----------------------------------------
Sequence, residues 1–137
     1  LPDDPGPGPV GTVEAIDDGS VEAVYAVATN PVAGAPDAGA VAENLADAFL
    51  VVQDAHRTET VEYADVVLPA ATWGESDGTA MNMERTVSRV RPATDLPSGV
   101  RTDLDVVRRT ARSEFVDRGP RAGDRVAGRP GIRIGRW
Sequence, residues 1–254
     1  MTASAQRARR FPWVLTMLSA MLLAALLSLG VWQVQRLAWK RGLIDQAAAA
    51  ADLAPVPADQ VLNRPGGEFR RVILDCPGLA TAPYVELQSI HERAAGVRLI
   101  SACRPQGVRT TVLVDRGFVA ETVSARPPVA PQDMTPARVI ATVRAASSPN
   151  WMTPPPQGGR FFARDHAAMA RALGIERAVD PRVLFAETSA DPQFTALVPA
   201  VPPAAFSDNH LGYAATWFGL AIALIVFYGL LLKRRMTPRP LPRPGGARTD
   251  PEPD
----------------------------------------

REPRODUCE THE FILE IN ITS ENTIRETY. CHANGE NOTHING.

Sequence, residues 1–137
     1  LPDDPGPGPV GTVEAIDDGS VEAVYAVATN PVAGAPDAGA VAENLADAFL
    51  VVQDAHRTET VEYADVVLPA ATWGESDGTA MNMERTVSRV RPATDLPSGV
   101  RTDLDVVRRT ARSEFVDRGP RAGDRVAGRP GIRIGRW
Sequence, residues 1–254
     1  MTASAQRARR FPWVLTMLSA MLLAALLSLG VWQVQRLAWK RGLIDQAAAA
    51  ADLAPVPADQ VLNRPGGEFR RVILDCPGLA TAPYVELQSI HERAAGVRLI
   101  SACRPQGVRT TVLVDRGFVA ETVSARPPVA PQDMTPARVI ATVRAASSPN
   151  WMTPPPQGGR FFARDHAAMA RALGIERAVD PRVLFAETSA DPQFTALVPA
   201  VPPAAFSDNH LGYAATWFGL AIALIVFYGL LLKRRMTPRP LPRPGGARTD
   251  PEPD